Good news, everyone! We’ve just sold the audio book rights to Fair Coin and Quantum Coin to Audible! Special thanks to my fab agents at JABberwocky who made this possible, Eddie Schneider and Lisa Rodgers.
I’m thrilled because I basically want anyone who might be interested in my books to be able to enjoy them in whatever format they like, and I know lots of people prefer audio books over paper. I also love being read to, and I’m excited to see another interpretation of the stories I wrote. But this deal is especially nice because the duology will finally be available in the UK!
I don’t have any details yet on who will be narrating the books or when they’ll be available, because this pretty much just happened. I doubt I’ll have any input on who the reader will be, but hey, I’d get a kick out of it if Tom Welling or Dean Cain read them.
Who do you think would be the best reader for the audio book versions of Fair Coin and Quantum Coin? And what’s your favorite audio book?
Part of Quantum Coin is set in Princeton, N.J., so I’m looking forward to bringing the book there this Friday for an event called Buzz Pop: Connecting Teens with Books, Pop Culture, and Young Adult Authors.
This program series at the West Windsor Branch of the Mercer County Library System is described as an informal discussion with teens and YA authors about books, music, movies, and TV shows — with snacks! I approve of all of these.
I’ll be joined by several other authors: Kit Grindstaff (The Flame in the Mist), Alissa Grosso (Shallow Pond, Ferocity Summer, Popular), and Evan Roskos (Dr. Bird’s Advice for Sad Poets). Books will be for sale! We will happily sign our names on things! Fun will be had!
I hope many teens in the area will be there. The event is free, but you should register here now to make sure there are enough snacks.
April 18 also marks the 75th anniversary (observed) of Superman, my favorite superhero. He first appeared in Action Comics #1, which bears the date June 1938 on its iconic cover. All these years, I’d thought that was the month the magazine was published, but that’s actually the “sell by” date–when it was supposed to be taken off the newsstands. Find out more about the history of it at Bleeding Cool.
Superman was such an important, formative part of my childhood, it’s very likely that I wouldn’t be the person I am today if he didn’t exist. Growing up without a father, I think Superman sort of became a role model for me and helped provide some of the moral guidance that I needed to become a decent human being.
I wrote about what Superman means to me in a very personal letter that originally appeared in a collection called Talking Back: Epistolary Fantasies (ed. L. Timmel Duchamp, Aqueduct Press, 2006). Writer/Editor Cat Rambo was kind enough to reprint it in Fantasy Magazine three years later, and it’s still online, so if you have a couple of minutes, please feel free to check out “Dear Superman.”
And to bring it all together, I snuck a quote from one of my favorite films, Superman: The Movie (1978), into Quantum Coin. I didn’t expect anyone to notice, but if you’re a fan of the film, see if you can spot it on pages 265-66!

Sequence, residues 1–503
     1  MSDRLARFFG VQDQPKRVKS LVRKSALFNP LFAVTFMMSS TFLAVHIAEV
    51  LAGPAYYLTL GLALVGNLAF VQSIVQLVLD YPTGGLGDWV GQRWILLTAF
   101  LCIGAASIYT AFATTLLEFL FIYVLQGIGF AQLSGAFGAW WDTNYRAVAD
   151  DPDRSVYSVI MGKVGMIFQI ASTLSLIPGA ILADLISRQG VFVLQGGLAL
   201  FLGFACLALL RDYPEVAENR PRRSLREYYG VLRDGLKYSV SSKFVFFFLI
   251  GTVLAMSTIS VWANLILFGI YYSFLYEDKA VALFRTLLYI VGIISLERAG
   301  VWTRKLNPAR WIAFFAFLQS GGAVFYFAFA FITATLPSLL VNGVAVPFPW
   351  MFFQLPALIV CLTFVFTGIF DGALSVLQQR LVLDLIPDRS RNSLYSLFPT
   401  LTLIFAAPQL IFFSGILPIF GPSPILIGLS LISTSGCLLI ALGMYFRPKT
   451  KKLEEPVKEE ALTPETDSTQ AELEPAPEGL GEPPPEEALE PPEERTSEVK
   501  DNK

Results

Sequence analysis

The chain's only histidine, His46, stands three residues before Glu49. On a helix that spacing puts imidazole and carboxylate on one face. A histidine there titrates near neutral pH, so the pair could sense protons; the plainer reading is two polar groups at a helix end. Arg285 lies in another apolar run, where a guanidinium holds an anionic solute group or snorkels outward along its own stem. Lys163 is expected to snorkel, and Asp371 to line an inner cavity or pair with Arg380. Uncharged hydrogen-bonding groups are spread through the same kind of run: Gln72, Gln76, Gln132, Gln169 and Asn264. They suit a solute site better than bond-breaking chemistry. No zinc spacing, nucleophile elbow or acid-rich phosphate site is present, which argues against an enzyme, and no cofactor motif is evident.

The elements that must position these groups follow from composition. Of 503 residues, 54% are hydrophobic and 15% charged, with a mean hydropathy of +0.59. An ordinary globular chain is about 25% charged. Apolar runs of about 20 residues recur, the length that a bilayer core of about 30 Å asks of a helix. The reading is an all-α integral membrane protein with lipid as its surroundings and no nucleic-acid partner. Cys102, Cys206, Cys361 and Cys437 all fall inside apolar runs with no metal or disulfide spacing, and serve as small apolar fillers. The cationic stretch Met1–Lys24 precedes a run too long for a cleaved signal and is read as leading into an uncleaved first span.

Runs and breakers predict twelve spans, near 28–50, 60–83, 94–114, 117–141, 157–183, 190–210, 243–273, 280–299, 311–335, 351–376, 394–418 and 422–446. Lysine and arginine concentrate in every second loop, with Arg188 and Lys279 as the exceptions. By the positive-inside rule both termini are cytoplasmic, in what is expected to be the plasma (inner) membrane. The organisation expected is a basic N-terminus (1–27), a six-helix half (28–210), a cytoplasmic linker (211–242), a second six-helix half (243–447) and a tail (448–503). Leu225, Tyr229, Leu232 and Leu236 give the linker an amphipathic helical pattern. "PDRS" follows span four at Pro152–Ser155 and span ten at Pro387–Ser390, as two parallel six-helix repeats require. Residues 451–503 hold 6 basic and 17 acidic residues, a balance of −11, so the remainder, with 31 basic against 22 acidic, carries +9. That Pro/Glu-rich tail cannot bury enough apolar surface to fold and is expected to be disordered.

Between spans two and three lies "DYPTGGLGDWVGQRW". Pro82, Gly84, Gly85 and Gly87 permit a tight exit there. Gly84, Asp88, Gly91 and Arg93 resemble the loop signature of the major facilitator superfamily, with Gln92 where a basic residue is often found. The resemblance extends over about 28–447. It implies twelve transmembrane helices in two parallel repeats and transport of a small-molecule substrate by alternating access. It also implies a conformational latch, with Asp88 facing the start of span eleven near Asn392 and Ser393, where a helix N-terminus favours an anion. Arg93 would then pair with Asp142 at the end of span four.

Apologies for the lack of my Alternate Wednesday posts of late; oddly enough, it’s a matter of not having enough time for them. I thought the biweekly schedule would be manageable, but with a novel to revise and multiple deadlines for various projects (including several other blogs I contribute to–see below), it has been the easiest thing to put aside. But I enjoy writing them, and I hope some of you enjoy reading them, so they will continue–but perhaps on a sporadic basis for the moment.
But I tell you, this episode is exciting, not least because it fills in some of the time between Kirk’s era and the TNG years, with the introduction of the Enterprise-C. (It hits some of the same buttons for me that “Babylon Squared” on Babylon 5 does, my favorite episode of the first season in which the Babylon 4 station reappears due to a temporal anomaly…) And I love this vessel, a beautiful melding of the best features of the Constitution-class and Galaxy-class designs. “Yesterday’s Enterprise” also has high stakes, gruesome deaths, and it looks and sounds more cinematic than anything on the show previously. I’m also a sucker for stories in which one ship or one person makes a huge impact for others–even in failure; we always root for the Enterprise to survive, but the idea that one crew’s sacrifice could still be a victory of sorts is gratifying.
Pop over there to see my episode recap and read reviews by me, Torie Atkinson, and our fine commenters.
I also had two other guest blog posts this week, if you haven’t had enough of me:
Wow, has it really been a whole year since my first novel was published? The official release date for Fair Coin was March 6, 2012; sometimes it seemed like that day would never come, and now it’s hard to believe my debut year is over :)
It was an amazing year though. In some ways, being an author was exactly the way I imagined it, and in other ways, it was very surprising. Fortunately, the unexpected things were mostly good! It has been wonderful meeting so many people who love books and young adult fiction: the readers, bloggers, librarians, book sellers, other writers, agents, publicists, editors…
Most of all, it’s always humbling and thrilling to realize that people are reading Fair Coin and Quantum Coin. I don’t think I’ll ever get tired of seeing reviews, e-mails, drawings, and tweets about the books. No, really—even the lukewarm or “bad” reviews. Thank you, all!
There have been a lot of high points, some even quite recent. I usually mention squee-worthy reviews on the Facebook page and Twitter, and archive them on my website, instead of blogging about them. But I think a few of them are worth highlighting, if you’ll indulge me for another moment: